The home is one of the biggest investments you’re likely to make in your life. The things that go in it? Not so much. With the exception of antiques, anything you’re likely to put in your home will depreciate quickly. That giant TV? Outdated in 12 months. The super expensive leather Chesterfield couch? It may become more comfortable, but not more valuable.
There another exception to this rule—one that looks more in place in a modern home than great-grandma’s tea chest. Art.
Not only is art a potentially profitable long-term investment, but collecting is a lifestyle that can be a lot of fun. And as the gorgeous photos at Hannas Room show, it can make an incredible difference to the livability of your new place. While the perception of the art collector is one with grey hair, plenty of expendable funds and time on their hands, the modern collector is often a young professional or couple looking to move away from the band posters and Kmart prints that covered their walls during their uni days. Lifestyle magazines like GQ regularly feature art updates in their culture sections. And with recent changes to how art is valued in self-managed super funds, art has become a buyer’s market. There has never been a better (or cheaper) time to start investing. Continue reading
With home buyers (particularly first timers) becoming increasingly price conscious in recent years, off-the-plan developments have really taken off. Buying off the plan presents an opportunity to save money and buy a beautiful new home or investment property. But like any type of investment, it also carries some risks.
What’s important is how you, as a buyer, mitigate those risks and ensure you’re working with a developer that has your best interests at heart and will deliver a quality product that matches the promise you’re essentially paying for in the first instance.
So how do you really know what you’re paying for? How can you ensure you don’t buy a lemon? We talked to Independent Property Group’s Managing Director of Strata Management Erik Adriaanse and Executive Director of Project Marketing, Wayne Harriden to get their insights on what to watch out for, the issues surrounding off-the-plan development, problems with the industry and how to ensure you get what you pay for.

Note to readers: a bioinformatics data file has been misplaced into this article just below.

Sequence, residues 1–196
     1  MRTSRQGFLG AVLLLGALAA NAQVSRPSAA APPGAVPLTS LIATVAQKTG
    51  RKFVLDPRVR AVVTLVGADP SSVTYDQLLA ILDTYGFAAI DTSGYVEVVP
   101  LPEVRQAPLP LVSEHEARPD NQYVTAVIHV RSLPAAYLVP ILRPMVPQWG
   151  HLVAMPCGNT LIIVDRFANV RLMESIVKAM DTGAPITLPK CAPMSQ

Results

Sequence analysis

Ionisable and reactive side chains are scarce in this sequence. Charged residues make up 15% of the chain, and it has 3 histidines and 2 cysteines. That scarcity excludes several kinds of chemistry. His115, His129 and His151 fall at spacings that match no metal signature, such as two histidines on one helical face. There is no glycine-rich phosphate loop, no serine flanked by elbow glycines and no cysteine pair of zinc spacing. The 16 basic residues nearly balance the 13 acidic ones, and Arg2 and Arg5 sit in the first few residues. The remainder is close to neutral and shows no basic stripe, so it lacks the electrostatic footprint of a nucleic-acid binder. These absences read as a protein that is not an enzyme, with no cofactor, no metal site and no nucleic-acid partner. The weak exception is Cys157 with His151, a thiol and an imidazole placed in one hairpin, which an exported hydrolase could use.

The Problem at Hand
The headlines have been coming in thick and fast recently—‘Asbestos Discovered at WA Hospital’, ‘QLD Asbestos Scare Prompts Union Alert’, ‘Asbestos Tests Halt Chinese Products’… the list goes on, but the question remains: Why is this happening? Continue reading
Raoul and Helen Middelmann moved to the Goodspeed house in 1983, drawn to it by its location backing on to Oakey Hill Nature Reserve and its architectural design. Set well back from the street and without a back fence, the sense of space is uninterrupted. The Goodspeed house was designed by renowned architect Dirk Bolt and built in 1967. It was one of several private properties in Curtin that he designed during a period when he was contracted to help shape the look and feel of Canberra’s suburban centres.
The detached residential homes designed by Bolt were based on three principles: the seamless flow between the indoors and outside, the use of natural materials and attention to detail, and proportions based on the golden mean.
The Goodspeed house makes the most of its setting. For Helen this interplay between the home and its surroundings is what makes her house special. “When you come home you open the door, walk through the entrance hall and up the five stairs and look straight out to the reserve at the back. This always gives you a sense of peace.”
The large front garden with a variety of established deciduous and evergreen trees and shrubs screen the home from the street and provide a park-like setting for the home.
Auctions are hard. Mondays with no Game of Thrones kind of hard—particularly if you’re emotionally invested the property you’re after. The never-ending merry-go-round of inspection, auction, inspection, auction can become both exhausting and disheartening. And every time an agent does a Charleston two-step trying to avoid the pretty simple question of how much?, every time a property goes for well above the price guide, every time it gets passed in despite your very reasonable bid, that iron nugget of disappointment in your stomach grows a little hotter, until you’re burning with fury.
Account Manager Jade Merriman knows the feeling all too well. “It’s devastating; you get your hopes up; you imagine living there; you start planning your interior design; you’ve gone 10 times to the property; you’ve snuck in there on a weekends because it’s empty and you can’t help yourself; you’ve told all your friends about it—and then the opening bid is higher than your top bid. Continue reading